I would venture that the vast majority of us here are self-taught, and we have all survived.

Now, for long-term cruising, off a mooring with a tight budget and no economic safety net? Then learn how to fix what you break before you break it.
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post #35 of 44 Old 04-07-2010
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Interesting topic...it has been my experience that one should be prepared for anything at any time...what I mean by that is what happens if you don't have a glass patch kit and u need one, what do you use? fan belt breaks, electrical outages...things break at bad times, what is YOUR plan? Even if you have the repair materials, can u take time off the helm to effect them? Have u tried to roll up a mattress or cushion, buttress it to a bulkhead? in the dark?What do you use for braces? the table? does it come off easily etc?? It is the plan that makes the preparation successful, it is confidence that makes the plan work. Sooooo imho, you will never have all the things you need on the boat for every contingency, but you need to have a plan, practice that plan and prepare. You should take all the comments to heart, learn your boat, practice problems and get out there...welcome to the blue water, no better place to be!

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post #36 of 44 Old 04-07-2010
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And I just spent my gift cards on ... Doc Ford books.

.
I think that if you focus on Tomlinson's adventures, it almost qualifies as a cruising guide.

Seriously, R W White is one of my favourite authors- he knows the Keys and it shows.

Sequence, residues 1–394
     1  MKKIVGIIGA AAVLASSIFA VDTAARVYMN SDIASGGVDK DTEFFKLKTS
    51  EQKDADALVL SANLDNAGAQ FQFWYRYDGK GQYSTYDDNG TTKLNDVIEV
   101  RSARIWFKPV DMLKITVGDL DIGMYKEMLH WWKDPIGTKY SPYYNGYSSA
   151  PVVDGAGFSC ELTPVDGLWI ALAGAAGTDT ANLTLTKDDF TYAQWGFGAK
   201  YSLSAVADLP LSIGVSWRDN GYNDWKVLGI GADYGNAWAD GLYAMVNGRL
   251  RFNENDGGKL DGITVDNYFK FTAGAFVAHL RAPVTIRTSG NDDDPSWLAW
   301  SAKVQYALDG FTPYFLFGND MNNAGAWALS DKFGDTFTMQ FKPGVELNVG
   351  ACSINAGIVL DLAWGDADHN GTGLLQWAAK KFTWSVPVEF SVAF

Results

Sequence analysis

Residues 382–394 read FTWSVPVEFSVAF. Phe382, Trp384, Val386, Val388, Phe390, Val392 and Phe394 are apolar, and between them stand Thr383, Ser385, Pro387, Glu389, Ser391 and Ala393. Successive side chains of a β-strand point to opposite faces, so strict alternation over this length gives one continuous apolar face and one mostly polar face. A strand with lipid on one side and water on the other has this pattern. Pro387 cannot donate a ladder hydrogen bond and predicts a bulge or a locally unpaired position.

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post #37 of 44 Old 04-07-2010
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And I just spent my gift cards on Travis McGee and Doc Ford books.

Thanks for the references. I've got a list of books and resources together from other threads.

Again, thanks for all the opinions and input.
Dude! Travis McGee rocks! Hanging out on "Busted Flush", drinking Boodles, solving crazy crimes with his buddy Meyers, and scoring more booday than any man in history? Perfect research for cruising ut.


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post #38 of 44 Old 04-07-2010 Thread Starter
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I've been reading the McGee series for a good decade, pick up one or 2 a year. Got a few more to go, but can see the end from here. (Btw, named my new puppy McGee back in the fall when I got him.)

I picked up a Doc Ford novel on a whim at the bookstore and was hooked immediately. Part of it is because the learn to sail course I did was on Captiva, so I was like 'Hey! I know where Sanibel is!'
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post #39 of 44 Old 04-08-2010
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Watch for a good 7 day weather window and sail from Fort Myers to Captiva to Sanibel and then head South to Key West and then West to Dry Tortuga. You will learn so much between that and the return passage. If you don't wreck the boat you will learn what you don't know and why you need to know more. Carry the recomended ASA emergency equipment including a submersable hand held vhf radio. If you do wreck the boat you are still in safe range of USCG rescue. There is no Someday. Everything breaks and in the end the ocean will win. Good luck and fair winds.

"Some Day Never Comes" -John Fogerty
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Today is only Wednesday- you still have time to get ready to leave this weekend.
Seriously.
Sounds great, but how do I go about it? I assume you can rent a boat for a day? Do I also rent somebody to go out and show me the basics too? How expensive is a small boat daysail rental? Right now it may be a pretty good option as I can get very cheap airfare and hopping down every couple/few weeks would give me a good jump start I think.